Related Offenses
  • Connecticut General Statutes § 53a-30 - Conditions of Probation
  • Connecticut General Statutes § 53a-33 - Termination of Probation
Defenses to Connecticut General Statutes C.G.S. § 53a-32 - Violation of Probation

Many clients charged with violation of probation are wrongfully accused. In many instances technical violations are alleged that never occurred. In some cases, personality conflicts arise with probation officers that lead to an arrest warrant alleging technical violations. Technical violations include:

  • Failure to report for probation appointments
  • Failure to seek employment
  • Failure to attend drug treatment / failing drug tests
  • Failure to pay restitution
  • Failure to perform community service hours
  • Leaving the state without permission

Generally, so-called "technical violations" are easier to resolve and more likely to result in your being placed back on probation. It is essential to review your specific situation with an experienced Connecticut probation violation lawyer to develop a case action plan.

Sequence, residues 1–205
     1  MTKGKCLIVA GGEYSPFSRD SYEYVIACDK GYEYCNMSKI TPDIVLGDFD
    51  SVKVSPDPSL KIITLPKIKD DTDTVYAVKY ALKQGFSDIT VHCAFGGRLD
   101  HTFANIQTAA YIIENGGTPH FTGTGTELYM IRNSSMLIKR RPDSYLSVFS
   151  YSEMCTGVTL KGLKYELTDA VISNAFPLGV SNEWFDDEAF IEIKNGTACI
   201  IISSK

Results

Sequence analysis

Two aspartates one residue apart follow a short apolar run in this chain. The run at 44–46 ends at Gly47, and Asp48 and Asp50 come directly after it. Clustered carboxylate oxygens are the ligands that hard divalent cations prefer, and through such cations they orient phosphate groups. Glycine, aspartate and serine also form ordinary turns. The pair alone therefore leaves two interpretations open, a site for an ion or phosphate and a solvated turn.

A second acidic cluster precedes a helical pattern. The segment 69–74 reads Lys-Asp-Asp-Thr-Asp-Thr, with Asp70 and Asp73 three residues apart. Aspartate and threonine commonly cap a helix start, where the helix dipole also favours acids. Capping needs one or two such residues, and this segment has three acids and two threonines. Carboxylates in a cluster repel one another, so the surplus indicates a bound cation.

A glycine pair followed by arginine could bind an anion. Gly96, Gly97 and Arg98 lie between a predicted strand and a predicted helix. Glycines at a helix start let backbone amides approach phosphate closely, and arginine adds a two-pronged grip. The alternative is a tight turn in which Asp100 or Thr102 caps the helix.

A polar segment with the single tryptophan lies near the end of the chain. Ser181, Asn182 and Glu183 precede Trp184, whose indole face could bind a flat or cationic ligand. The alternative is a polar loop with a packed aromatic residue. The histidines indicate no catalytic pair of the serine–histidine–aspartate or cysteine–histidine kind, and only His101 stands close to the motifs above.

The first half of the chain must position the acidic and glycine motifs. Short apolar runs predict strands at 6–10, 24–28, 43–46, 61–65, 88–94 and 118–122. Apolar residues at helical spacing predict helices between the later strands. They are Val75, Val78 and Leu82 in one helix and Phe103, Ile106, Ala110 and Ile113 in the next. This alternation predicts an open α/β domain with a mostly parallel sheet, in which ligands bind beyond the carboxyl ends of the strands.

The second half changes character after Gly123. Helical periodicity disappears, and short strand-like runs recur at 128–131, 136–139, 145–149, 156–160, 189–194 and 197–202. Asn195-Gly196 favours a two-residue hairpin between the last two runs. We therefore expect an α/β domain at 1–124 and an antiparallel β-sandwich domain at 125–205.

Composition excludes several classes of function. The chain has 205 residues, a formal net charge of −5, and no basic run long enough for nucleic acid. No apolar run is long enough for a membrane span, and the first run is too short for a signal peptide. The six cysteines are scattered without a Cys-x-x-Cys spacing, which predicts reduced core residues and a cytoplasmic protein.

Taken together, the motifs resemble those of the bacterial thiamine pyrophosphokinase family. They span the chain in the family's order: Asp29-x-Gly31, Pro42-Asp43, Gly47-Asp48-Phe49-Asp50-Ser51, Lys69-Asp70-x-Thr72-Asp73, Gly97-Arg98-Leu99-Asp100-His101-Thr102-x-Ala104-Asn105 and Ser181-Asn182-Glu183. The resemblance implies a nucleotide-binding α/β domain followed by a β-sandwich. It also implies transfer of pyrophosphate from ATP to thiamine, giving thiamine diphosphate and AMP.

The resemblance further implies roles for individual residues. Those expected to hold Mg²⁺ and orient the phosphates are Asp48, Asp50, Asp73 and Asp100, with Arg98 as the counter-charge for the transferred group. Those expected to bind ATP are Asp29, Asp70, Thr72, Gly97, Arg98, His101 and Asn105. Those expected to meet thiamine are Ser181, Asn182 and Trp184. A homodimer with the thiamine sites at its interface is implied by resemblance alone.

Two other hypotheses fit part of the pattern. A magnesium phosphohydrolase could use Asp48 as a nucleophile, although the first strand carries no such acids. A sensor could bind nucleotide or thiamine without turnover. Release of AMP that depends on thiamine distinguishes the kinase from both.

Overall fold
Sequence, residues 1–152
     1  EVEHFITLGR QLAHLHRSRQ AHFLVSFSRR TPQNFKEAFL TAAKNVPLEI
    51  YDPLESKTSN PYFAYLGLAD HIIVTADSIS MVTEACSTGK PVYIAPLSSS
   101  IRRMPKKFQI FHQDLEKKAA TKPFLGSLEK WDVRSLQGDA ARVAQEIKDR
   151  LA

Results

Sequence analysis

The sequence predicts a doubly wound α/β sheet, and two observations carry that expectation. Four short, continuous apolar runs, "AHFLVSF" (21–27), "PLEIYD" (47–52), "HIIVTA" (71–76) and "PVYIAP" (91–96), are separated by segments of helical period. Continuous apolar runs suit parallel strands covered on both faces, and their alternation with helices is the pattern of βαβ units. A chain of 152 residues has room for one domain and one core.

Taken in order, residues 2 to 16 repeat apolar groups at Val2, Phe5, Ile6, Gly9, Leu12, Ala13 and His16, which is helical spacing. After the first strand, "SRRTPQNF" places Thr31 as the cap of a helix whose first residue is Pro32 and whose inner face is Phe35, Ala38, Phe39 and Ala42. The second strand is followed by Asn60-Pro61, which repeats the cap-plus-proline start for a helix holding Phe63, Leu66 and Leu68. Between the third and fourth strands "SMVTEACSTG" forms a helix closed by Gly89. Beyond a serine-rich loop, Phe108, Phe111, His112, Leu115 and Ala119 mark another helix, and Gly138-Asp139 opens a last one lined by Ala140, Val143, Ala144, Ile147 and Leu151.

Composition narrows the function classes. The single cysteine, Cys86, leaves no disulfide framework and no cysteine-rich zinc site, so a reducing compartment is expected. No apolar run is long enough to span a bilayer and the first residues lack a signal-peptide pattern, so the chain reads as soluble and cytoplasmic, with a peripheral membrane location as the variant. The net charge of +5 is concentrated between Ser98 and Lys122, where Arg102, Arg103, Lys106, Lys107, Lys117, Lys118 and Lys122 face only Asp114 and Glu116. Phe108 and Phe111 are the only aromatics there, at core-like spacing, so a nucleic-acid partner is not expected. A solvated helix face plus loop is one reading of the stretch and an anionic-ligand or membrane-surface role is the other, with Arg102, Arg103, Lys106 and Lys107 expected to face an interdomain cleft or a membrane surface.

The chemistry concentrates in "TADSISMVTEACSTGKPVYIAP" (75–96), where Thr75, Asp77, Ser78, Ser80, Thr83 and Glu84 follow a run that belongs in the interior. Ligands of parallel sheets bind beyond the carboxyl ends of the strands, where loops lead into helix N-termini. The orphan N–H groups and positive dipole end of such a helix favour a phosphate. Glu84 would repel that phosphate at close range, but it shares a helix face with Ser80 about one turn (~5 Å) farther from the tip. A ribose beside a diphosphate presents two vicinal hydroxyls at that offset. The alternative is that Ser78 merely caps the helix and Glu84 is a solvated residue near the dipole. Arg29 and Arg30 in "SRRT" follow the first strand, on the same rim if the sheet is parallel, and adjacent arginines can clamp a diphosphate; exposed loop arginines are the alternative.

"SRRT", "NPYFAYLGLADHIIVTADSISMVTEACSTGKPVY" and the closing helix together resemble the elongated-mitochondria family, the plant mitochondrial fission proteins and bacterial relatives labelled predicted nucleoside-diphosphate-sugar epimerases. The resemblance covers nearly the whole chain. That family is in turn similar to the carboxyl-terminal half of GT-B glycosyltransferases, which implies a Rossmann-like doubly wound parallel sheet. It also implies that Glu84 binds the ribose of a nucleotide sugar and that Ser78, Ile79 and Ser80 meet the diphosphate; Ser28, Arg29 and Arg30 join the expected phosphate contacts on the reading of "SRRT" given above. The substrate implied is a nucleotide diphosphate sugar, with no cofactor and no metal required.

Violations of probation also arise from those offenders who commit new offenses while on probation. Since the standard of proof is relatively low to prove that you violated your probation for a new offense, the best defense strategy is to work on mitigating the penalty. The state does not have to convict you of the new offense. They only have to demonstrate that there was probable cause for your arrest. By presenting a robust mitigation package, a skilled Connecticut probation attorney has the opportunity to convince the court not to send you to jail. The court has a lot of discretion in this area of the law to put you back on probation or extend your probation. Your goal should be to minimize the consequences and work with an experienced Connecticut probation violation lawyer.